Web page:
Prinsep the artist


V. C. Prinsep, Home from the Gleaning, 1875


V. C. Prinsep, The Queen was in the Parlour, Eating Bread and Honey, 1860. Of this picture Stephens wrote, "Prinsep’s next picture, 1858, was in oil, and represented the queen who “eats bread and honey” while standing and feasting before a cupboard of quaint device.  This work possessed such fine qualities of tone and colour that John Phillip, a master in these matters, commended it warmly when, in 1859, it appeared at the first Hogarth Club."


Valetine Prinsep, Ayesha, 1877, Tate. 

Val C. Prinsep was born in Kolkata, India, where his father was a civil servant, but by the time he was five his parents had retired to London. The family settled at Little Holland House in Kensington, where they were soon joined by the artist George Frederic Watts. Prinsep, educated at Haileybury College, was expected to follow in his father’s footsteps and join the Civil Service, but he decided to become an artist. His choice was likely influenced by Watts and other leading members of the Victorian art world, including John Everett Millais and Frederic Leighton, who frequently visited Little Holland House; indeed, throughout his artistic training Prinsep received tuition from Watts. In 1859, Prinsep traveled to Italy with another rising young English artist, Edward Burne-Jones, and from 1859 to 1860 he studied at Charles Gleyre’s atelier in Paris. Prinsep’s early works, such as The Queen was in the Parlour Eating Bread and Honey (1860) and How Bianco Capello Sought to Poison her Brother-in-Law the Cardinal de Medici (1862), reveal his interest in Pre-Raphaelitism; Bianco Capello was the first painting he exhibited at the Royal Academy (1862). Another major influence on his artistic career was the eclectic St John’s Wood Clique, a group of artists concerned with professional visibility and known for their historical genre style,[1] as evident in works by Prinsep such as Home from the Gleaning (1875) and The Linen Gatherers (1876).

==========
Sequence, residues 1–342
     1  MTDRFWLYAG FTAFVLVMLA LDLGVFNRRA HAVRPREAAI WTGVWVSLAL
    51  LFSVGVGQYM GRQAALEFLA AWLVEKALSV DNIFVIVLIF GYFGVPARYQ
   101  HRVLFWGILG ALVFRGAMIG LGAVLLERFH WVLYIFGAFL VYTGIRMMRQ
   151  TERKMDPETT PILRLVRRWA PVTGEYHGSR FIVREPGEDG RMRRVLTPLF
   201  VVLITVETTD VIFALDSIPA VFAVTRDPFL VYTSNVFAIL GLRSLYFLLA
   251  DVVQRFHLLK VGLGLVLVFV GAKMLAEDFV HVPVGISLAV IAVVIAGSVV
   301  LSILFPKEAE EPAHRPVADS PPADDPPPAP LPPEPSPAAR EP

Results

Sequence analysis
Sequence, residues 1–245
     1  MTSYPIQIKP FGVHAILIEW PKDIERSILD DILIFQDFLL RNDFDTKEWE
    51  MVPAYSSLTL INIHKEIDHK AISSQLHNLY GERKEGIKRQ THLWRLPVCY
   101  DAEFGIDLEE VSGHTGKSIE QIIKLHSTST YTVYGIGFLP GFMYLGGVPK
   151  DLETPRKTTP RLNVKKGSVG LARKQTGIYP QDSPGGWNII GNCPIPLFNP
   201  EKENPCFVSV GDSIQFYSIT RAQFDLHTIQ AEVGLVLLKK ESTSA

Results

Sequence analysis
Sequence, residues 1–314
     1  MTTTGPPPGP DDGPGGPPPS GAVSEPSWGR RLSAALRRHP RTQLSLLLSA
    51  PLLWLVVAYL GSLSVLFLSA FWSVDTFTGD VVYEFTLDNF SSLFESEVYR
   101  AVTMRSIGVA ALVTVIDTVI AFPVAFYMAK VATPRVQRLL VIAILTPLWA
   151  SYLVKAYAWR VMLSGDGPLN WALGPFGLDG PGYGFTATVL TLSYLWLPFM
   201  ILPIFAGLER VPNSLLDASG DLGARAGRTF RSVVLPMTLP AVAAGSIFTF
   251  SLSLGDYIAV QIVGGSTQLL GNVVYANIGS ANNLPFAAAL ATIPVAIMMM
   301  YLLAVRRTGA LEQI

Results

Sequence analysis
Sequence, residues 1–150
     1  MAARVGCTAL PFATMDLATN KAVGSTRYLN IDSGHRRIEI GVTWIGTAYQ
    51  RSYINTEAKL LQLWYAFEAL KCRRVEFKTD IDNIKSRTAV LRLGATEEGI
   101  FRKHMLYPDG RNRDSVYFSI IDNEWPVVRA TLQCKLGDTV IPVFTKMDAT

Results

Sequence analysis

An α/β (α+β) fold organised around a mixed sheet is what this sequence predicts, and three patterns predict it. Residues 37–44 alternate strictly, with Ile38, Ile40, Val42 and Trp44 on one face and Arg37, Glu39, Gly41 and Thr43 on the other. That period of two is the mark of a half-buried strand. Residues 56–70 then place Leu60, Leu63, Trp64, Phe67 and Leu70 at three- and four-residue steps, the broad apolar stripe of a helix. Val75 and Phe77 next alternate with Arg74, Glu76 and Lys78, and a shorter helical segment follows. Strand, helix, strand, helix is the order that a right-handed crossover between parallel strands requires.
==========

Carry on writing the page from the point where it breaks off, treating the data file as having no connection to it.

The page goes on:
Prinsep’s closest friend was Frederic Leighton. Both joined the 38th Middlesex Rifle Volunteer Corps, and later purchased neighboring plots of land on Holland Park Road, where they constructed studio houses. Prinsep was elected an associate of the Royal Academy in 1879, and one year later completed The Imperial Assemblage Held at Delhi, an enormous work commissioned by Lord Lytton, viceroy of India, who requested a painting “commemorative of the assemblage rather than a faithful reproduction of the scene.”[2] Measuring 120 by 285 inches, the painting required fourteen skilled men to move it from Prinsep’s studio to the Royal Academy in 1880. Prinsep created a number of paintings based on his travels in India in the late 1870s, including A Nautch Girl (1878) and The Roum-i-Sultana (1879). Following his time in India, Prinsep painted almost entirely Eastern subjects, described by Wilfred Meynell as “thoroughly authentic and trustworthy presentments of landscape and of architecture.” He also wrote an account of his travels, Imperial India: an Artist’s Journals, in 1879, which according to one critic, “showed the possession of a ready writer’s pen.” [3]